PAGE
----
STRANGE WIN­TER CEL­E­BRA­TIONS

Countryfile Magazine - - Mari Lwyd -

1. FIREBALL-SWING­ING, STONEHAVEN, SCOT­LAND

A 150-year-old fire cer­e­mony that be­gins when the first bell is rung at mid­night on New Year’s Eve. Drum­mers and pipers lead a pa­rade of peo­ple swing­ing balls of wire on long poles, filled with com­bustible news­pa­per, sticks and rags.

2. FLAM­ING TAR BAR­REL PA­RADE, ALLENDALE, NORTHUM­BER­LAND

An­other New Year’s Eve tra­di­tion, in which tar bar­rels orig­i­nally meant for min­ing or road-build­ing in the North East are reused as flam­ing head­gear, in a health-and-safe­tyflout­ing pro­ces­sion of light. 3. KIRKWALL BA GAME, KIRKWALL, ORKNEY A me­dieval mass foot­ball match still played every Christ­mas Day and New Year’s Day. Its rules are vague, but one team’s goal is the sea, and the other is near the town’s Catholic church. Over 300 usu­ally par­tic­i­pate.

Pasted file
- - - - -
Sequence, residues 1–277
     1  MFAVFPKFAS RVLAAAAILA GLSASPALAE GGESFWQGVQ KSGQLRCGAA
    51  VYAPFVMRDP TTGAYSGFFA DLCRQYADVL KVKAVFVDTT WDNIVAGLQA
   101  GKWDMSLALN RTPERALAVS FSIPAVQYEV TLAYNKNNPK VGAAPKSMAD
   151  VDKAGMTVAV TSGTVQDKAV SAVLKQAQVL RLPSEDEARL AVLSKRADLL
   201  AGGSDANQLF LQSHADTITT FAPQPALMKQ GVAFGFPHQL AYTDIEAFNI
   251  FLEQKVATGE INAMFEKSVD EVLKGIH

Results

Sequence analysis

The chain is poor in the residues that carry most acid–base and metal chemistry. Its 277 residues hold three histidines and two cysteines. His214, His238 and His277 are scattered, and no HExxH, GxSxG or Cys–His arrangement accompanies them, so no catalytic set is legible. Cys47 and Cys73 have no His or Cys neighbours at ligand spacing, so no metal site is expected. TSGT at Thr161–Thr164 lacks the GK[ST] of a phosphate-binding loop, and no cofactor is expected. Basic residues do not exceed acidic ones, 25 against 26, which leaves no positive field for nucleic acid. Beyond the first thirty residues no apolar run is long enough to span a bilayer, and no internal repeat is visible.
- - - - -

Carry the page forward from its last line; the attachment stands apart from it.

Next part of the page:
4. THE HAXEY HOOD, HAXEY, NORTH LIN­COLNSHIRE

An al­ter­na­tive rugby game on 6 Jan­uary, where a leather tube is walked be­tween one of four pubs in Haxey vil­lage by the means of a large, dis­or­dered scrum. Land­lords give free pints as part of the tra­di­tion, which surely en­sures its con­tin­ued pop­u­lar­ity.

5. WHITTLESEA STRAW BEAR FES­TI­VAL, CAM­BRIDGESHIRE

Held on the first Mon­day af­ter Twelfth Night in the vil­lage of Whittlesea, a lo­cal man or boy is cov­ered from head-to-foot in straw and led from house to house to dance for gifts of money, food, or beer. The cus­tom was re­vived in 1980 and is now a long pro­ces­sion fea­tur­ing mu­si­cians, dancers and street per­form­ers.

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Jude Rogers is a BBC jour­nal­ist, broad­caster, arts critic and lec­turer. She grew up in Swansea and now lives in the coun­try­side near Aber­gavenny.

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